November 11, 2008 

'Inside Hydraulics' Newsletter

1. What's your number one priority?
2. What a silly thing to do…
3. How to get to know your hydraulic equipment better
4. Content for your web site or e-zine
5. Help us spread the word
6. Tell us what you think


What's your number one priority?

It's barely a week since one of the most amazing elections in America's history. If your guy won, congratulations.

The next US president was always going to have a big job ahead of him. And the president-elect is sure to be busy right now getting his priorities in order.

So now the election is over and it's back-to-work-time, what's YOUR number one priority? Well, here's something to think about:

One of our members, who attended one of my Hydraulic Breakdown Prevention seminars last year and is currently working in an iron ore mine, sent me this a few days ago:

"The waste here would make you cry. Most hydraulic components are changed out on a scheduled hourly life even if they are still operating OK. There is very little diagnosing done, they just throw in reman components because they can't afford the downtime. The Komatsu loader is worth $7 million and digs $1 million of iron ore a day. So $50,000 worth of pumps and $40,000 worth of valves seems irrelevant. It's nothing for them to dump 400 gallons (1500 liters) of hydraulic oil every day for 3 or 4 days until a contamination problem goes away. New $700 filters are left open to dust and water. No one is accountable for the loss."

Hmmm… nice work if you can get it.

Now consider this gem, from another of our members when asked for his feedback on my Six Costly Mistakes report:

"I've been preaching the same message for many years. What does this mean to a maintenance person who wants to change hydraulic oil on hours? I have issued orders to everyone on my team not to change oil without my approval or you will be released to the economy."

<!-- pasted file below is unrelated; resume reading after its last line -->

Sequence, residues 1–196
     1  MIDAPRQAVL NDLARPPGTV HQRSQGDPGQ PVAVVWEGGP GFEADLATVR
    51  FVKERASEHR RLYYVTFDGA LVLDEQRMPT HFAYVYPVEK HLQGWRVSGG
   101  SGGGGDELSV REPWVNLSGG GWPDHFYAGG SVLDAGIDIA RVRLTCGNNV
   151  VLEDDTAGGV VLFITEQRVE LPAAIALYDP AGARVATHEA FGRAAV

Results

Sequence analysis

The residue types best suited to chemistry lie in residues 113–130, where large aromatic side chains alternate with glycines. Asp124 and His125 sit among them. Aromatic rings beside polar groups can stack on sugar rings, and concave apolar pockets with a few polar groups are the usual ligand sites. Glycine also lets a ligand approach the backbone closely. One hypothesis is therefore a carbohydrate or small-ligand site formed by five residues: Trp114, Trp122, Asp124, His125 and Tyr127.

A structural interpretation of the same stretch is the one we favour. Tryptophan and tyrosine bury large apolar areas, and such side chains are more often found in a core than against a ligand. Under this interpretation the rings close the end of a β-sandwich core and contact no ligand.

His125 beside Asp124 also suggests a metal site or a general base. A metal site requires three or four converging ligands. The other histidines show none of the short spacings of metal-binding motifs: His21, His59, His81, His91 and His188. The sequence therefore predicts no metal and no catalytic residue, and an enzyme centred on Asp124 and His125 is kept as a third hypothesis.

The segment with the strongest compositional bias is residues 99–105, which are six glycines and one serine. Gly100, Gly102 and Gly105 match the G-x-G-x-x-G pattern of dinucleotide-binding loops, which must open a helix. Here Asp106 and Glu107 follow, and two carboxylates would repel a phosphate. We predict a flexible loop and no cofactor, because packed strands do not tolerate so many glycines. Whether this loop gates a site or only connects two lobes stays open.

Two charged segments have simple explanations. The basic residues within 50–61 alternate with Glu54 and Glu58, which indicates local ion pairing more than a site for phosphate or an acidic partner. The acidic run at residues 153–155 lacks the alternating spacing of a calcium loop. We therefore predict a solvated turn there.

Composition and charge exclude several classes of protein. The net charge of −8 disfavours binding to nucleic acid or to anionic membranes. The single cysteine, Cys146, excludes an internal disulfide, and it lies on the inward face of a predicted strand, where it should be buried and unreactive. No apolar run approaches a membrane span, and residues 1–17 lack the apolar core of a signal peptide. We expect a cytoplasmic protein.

The contrast between these two operations couldn't be more stark. At the first one, nobody is gonna be upset if you scrap $90,000 of good hydraulic components in one day. Whereas at the second, doing an unnecessary oil change could get you fired.

There's no doubt the iron ore miners are making hay at the moment. But I remember the last mining recession - which wasn't that long ago. They were watching every penny. So when the boom ends, these miners will have a real problem. They can't just flick a switch and go from "production at any cost" to a lean and mean operation. The prevailing workforce culture won't allow it - not quickly anyway.

Of course, most of us never have the luxury of waste the boom has handed the big miners.

But productivity and lean maintenance aren't mutually exclusive either.

And that's why, regardless of which of these operations more closely resembles your current situation, plugging any holes in your maintenance practices is something you should be doing even when the economic 'sun' is shining.

But now that storm clouds are appearing on the economic 'horizon', it should be on top of your 'To Do' list.

Because if the economic pessimists are right, the industry your company is in may contract. If it does, some workers will get laid off. Some of the players in your industry will go under.

This situation is like the old story about two guys being chased by a bear, where one says to the other: "I don't have to outrun the bear, I only have to outrun you".

So your job is to make sure this happens to somebody else. Not your company. Not you.

Don't be the slow guy. Be the guy who escapes the bear.

Sitting on your hands is not an option.

The Nice Things People Say …

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Anthony Nardella, Workshop Manger
Fulton Hogan

2.   What a silly thing to do…

If you've been working around hydraulic equipment for a while, it's likely you've witnessed or heard about more than a few acts of stupidity. But this story from one of our members will take some beating. When I first read it, my reaction was gob-smacked amazement: